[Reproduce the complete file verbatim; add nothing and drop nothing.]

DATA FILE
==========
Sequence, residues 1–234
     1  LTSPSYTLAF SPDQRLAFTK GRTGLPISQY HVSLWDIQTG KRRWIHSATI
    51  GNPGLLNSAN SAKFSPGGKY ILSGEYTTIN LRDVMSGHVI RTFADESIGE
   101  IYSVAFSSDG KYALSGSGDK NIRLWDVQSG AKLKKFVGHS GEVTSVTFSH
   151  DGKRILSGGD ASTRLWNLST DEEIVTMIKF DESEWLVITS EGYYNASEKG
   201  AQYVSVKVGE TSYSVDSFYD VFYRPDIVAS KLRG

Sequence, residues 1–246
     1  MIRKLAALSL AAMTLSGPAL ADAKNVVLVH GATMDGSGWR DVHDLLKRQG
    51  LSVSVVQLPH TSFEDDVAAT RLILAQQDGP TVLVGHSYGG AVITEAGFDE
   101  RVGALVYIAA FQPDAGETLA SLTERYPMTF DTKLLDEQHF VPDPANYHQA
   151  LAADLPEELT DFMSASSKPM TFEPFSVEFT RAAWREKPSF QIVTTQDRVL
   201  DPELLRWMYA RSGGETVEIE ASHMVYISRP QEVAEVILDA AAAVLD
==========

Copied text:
Sequence, residues 1–234
     1  LTSPSYTLAF SPDQRLAFTK GRTGLPISQY HVSLWDIQTG KRRWIHSATI
    51  GNPGLLNSAN SAKFSPGGKY ILSGEYTTIN LRDVMSGHVI RTFADESIGE
   101  IYSVAFSSDG KYALSGSGDK NIRLWDVQSG AKLKKFVGHS GEVTSVTFSH
   151  DGKRILSGGD ASTRLWNLST DEEIVTMIKF DESEWLVITS EGYYNASEKG
   201  AQYVSVKVGE TSYSVDSFYD VFYRPDIVAS KLRG

Sequence, residues 1–246
     1  MIRKLAALSL AAMTLSGPAL ADAKNVVLVH GATMDGSGWR DVHDLLKRQG
    51  LSVSVVQLPH TSFEDDVAAT RLILAQQDGP TVLVGHSYGG AVITEAGFDE
   101  RVGALVYIAA FQPDAGETLA SLTERYPMTF DTKLLDEQHF VPDPANYHQA
   151  LAADLPEELT DFMSASSKPM TFEPFSVEFT RAAWREKPSF QIVTTQDRVL
   201  DPELLRWMYA RSGGETVEIE ASHMVYISRP QEVAEVILDA AAAVLD